“What interest does the world have in Scotland or England unilaterally? The nation state is dead. The 21st century is about interdependence.”
“Things are always bigger than we are. Therefore the bigger we are, the better it is. Isn’t that what we learned from our labour struggles? Isn’t that what we learned from our wars? Isn’t that what we learned from football and families? That’s the way it just is. It’s not me just inventing it.”
“It’s a very healthy sense to understand who you are as a people and your place in this world. That’s a normal human instinct. We have a word for it – it’s called patriotism. But when it’s manipulated into the base metal of politics, which is nationalism – when political people on both sides of the argument do that – you have to be very wary. You really must think through these things.
“Nationalism is a very dangerous political animal. I know this – I’m Irish. It’s a cheap political trick which twists the understanding of who we are.
“I completely understand the emotional impulse towards independence. But always consider independence in inverted commas because what the f*** does it mean?
“We are entirely dependent on one another. None of us, in our private lives or our political constructs, are ever independent.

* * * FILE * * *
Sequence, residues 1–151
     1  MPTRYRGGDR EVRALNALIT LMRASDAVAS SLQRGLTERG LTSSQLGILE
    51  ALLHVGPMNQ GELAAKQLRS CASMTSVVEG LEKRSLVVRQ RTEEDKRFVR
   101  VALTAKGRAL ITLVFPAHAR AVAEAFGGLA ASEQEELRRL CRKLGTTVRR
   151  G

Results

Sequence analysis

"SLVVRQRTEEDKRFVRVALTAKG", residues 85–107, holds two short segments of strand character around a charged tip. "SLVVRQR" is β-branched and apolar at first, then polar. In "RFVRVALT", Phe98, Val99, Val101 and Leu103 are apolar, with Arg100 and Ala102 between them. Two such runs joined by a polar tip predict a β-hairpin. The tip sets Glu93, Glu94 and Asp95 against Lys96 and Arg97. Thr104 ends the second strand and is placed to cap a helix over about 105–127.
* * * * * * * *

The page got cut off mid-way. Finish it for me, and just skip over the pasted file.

“We are all sovereign unto ourselves but we’re dependent on one another.”
“You think you guys are p***ed off with Westminster? What do you think it’s like living in London? Fupping Londoners are pissed off with Westminster. The world is changing and needs different institutions, but not just removing ourselves from each other.
“Actually co-operating with each other – that excites me. That interests me more than the f***ing bagpipe playing. That sort of stuff drives me nuts in Ireland as well.”
“We [Ireland] were an occupied country for 700 f***ing years.
“We were never allowed to industrialise. You guys had the very opposite. You guys chose – very Scottish, very practical – you saw the way to utilise your genius was by joining up, together. F*** me did you do it – and ran the f***ing show and still do.
“Look what you did. The NHS – Beveridge’s dad was Scottish. Blair and Brown brought in the minimum wage. The actual benefits of this country are actually only derived by cooperation together.”
“Look at Ireland within the Euro. F***ed up. Completely f***ed up.”
“There’s going to be an independent Scotland and a united Ireland and it will all be great? What will be great about it? Please explain that to me. Do you have any less pride in being Scottish or Irish than you will have next week? Seriously? It’s the manipulation of that pride and spurious arguments like that which drives me nuts.”
‘Our time is now’ – what the f**k does that mean? The time is any time.”
Bob was asked about his tax affairs by The Times’ Lucy Bannerman at the World Economic Forum in Addis Ababa in 2012:
So how much is he worth? “I’m not telling you. But I am rich, let’s be clear.”
Can he understand why some might get annoyed when rich rock stars campaign about poverty?
He explodes with rage. “I pay all my taxes. My time? Is that not a tax? I employ 500 people [through his production companies]. I have created business for the UK government. I have given my ideas. I have given half my life to this. How dare you lecture me about morals?”